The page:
KY Policy Blog

Trump Tax Plan Would Be a Windfall for Only the Wealthiest Kentuckians

By Anna Baumann
July 21, 2017

The wealthiest Kentuckians would be winners from the $4.8 trillion in federal tax cuts President Donald Trump has proposed, as shown by a new report from the Institute on Taxation and Economic Policy (ITEP). But as a poor state the tax cuts — coupled as they are with huge federal budget cuts to programs and investments that support our communities — would be an especially raw deal for Kentucky as a whole.

With a smaller share of the nation’s wealthiest people than other states, Kentucky would see relatively little of read more

What’s at Stake in U.S. House Budget by Kentucky Congressional District

By Ashley Spalding
July 20, 2017

A number of key federal investments that help Kentucky families meet basic needs and support our economy are at risk for cuts in the budget resolution that has begun to move in the U.S. House of Representatives. The House budget resolution that passed out of committee last night sets out a harsh framework over the next 10 years that would lead to deeply damaging cuts to many federal investments that provide key assistance to Kentucky families. The budget proposes cutting federal entitlement programs by $4.4 trillion over 10 years — read more

Critical Investments in Kentuckians at Risk in U.S. House Budget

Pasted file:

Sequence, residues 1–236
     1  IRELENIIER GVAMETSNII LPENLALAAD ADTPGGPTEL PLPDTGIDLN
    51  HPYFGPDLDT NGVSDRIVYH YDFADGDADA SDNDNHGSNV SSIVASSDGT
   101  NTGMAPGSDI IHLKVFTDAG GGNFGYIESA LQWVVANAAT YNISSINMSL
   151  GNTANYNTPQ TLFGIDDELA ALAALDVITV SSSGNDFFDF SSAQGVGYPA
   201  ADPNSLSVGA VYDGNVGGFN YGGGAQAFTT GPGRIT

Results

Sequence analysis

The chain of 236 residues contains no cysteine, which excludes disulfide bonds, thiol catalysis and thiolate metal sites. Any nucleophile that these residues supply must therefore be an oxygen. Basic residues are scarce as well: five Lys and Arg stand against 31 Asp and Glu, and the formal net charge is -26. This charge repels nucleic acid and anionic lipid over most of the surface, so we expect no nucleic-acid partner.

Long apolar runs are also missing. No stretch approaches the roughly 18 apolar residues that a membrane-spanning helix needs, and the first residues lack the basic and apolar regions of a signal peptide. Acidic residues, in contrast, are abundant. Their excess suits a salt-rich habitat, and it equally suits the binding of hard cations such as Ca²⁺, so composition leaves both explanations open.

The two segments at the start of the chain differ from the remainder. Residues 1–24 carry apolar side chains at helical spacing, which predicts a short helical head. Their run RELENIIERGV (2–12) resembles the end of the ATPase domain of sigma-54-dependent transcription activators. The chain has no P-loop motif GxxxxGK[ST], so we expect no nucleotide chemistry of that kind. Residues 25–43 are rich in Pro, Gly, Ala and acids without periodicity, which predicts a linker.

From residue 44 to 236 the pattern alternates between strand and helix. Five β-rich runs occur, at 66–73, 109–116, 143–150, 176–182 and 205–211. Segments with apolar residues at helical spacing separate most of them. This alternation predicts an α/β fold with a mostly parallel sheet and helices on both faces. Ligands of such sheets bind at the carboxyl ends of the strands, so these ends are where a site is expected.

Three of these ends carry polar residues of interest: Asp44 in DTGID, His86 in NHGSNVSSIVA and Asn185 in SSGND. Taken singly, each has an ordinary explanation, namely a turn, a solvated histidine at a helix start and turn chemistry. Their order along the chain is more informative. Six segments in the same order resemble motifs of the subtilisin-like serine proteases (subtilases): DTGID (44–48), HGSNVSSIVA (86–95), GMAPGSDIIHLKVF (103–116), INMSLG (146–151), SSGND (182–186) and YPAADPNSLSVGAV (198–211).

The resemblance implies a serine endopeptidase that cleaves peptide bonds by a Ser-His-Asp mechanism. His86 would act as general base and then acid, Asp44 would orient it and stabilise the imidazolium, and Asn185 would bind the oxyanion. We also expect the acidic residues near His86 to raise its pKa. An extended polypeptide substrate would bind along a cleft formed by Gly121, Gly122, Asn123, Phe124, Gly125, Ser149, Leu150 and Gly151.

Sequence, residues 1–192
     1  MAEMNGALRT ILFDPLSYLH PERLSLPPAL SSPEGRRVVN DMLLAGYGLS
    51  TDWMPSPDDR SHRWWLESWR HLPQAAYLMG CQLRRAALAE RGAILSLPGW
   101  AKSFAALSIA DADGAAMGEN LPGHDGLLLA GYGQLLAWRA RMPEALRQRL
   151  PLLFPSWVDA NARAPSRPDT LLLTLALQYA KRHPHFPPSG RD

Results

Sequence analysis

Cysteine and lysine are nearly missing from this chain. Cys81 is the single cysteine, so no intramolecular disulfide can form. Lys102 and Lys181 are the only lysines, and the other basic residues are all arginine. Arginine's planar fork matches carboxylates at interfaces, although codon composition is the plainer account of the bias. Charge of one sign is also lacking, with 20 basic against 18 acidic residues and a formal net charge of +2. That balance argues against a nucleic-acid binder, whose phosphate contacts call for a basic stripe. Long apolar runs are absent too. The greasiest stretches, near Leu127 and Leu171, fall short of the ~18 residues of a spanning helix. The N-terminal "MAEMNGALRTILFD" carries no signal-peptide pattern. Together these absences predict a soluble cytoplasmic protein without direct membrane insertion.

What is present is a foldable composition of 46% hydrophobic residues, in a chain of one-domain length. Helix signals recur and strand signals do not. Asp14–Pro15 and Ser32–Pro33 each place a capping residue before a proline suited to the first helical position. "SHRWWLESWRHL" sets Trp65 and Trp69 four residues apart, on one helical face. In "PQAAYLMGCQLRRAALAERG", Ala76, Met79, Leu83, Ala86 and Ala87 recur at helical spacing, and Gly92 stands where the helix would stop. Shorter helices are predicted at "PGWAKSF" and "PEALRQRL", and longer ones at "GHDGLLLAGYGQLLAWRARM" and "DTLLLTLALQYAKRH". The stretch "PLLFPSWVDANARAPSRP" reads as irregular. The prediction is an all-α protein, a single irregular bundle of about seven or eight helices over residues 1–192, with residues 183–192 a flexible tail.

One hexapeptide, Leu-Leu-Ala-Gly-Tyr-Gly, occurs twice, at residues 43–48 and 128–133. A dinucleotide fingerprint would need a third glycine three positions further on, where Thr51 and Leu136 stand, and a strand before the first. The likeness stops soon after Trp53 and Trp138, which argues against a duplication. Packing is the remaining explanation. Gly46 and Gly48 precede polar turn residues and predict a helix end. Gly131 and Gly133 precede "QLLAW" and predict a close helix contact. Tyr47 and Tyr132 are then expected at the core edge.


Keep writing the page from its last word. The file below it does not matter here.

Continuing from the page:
By Ashley Spalding
July 20, 2017

The House budget resolution that passed out of committee last night sets out a harsh framework over the next 10 years that would lead to deeply damaging cuts to many federal investments that help Kentucky families meet basic needs and support our economy. The budget proposes cutting federal entitlement programs by $4.4 trillion over 10 years — including Medicaid and Medicare and income assistance programs such as SNAP food assistance. Also in the resolution are big cuts to Non-Defense Discretionary (NDD) programs that help to improve Kentucky’s economy and quality read more

Revised Senate Health Repeal Has Same Harmful Impacts

By Jason Bailey
July 13, 2017

Senate leaders released a “new” version of their bill to replace the Affordable Care Act that fixes none of the original Senate bill’s core problems and makes some of them even worse.

Through its cuts in funding, the Senate bill would effectively end Kentucky’s highly-successful Medicaid expansion, resulting in lost coverage for 473,000 Kentuckians. The bill goes beyond that to permanently harm the traditional Medicaid program by instituting caps that will squeeze funding over time. Those caps will jeopardize coverage for another nearly 1 million Kentuckians, including people with disabilities, read more

Year-End Revenue Results Underscore Need for Right Actions on Tax Reform

By Anna Baumann
July 11, 2017

Kentucky ended the 2017 fiscal year with $138.5 million less in General Fund revenue than economists predicted would be collected. The shortfall puts slightly more pressure on investments in our schools, universities and community colleges, health and human services and other building blocks of Kentucky communities. And its details reinforce the need to generate more revenue in ways that will work.

Total General Fund receipts in FY 2017 totaled $10.5 billion. Receipts did grow compared to FY 2016 by $138.9 million (1.3 percent), but the forecast predicted twice as much read more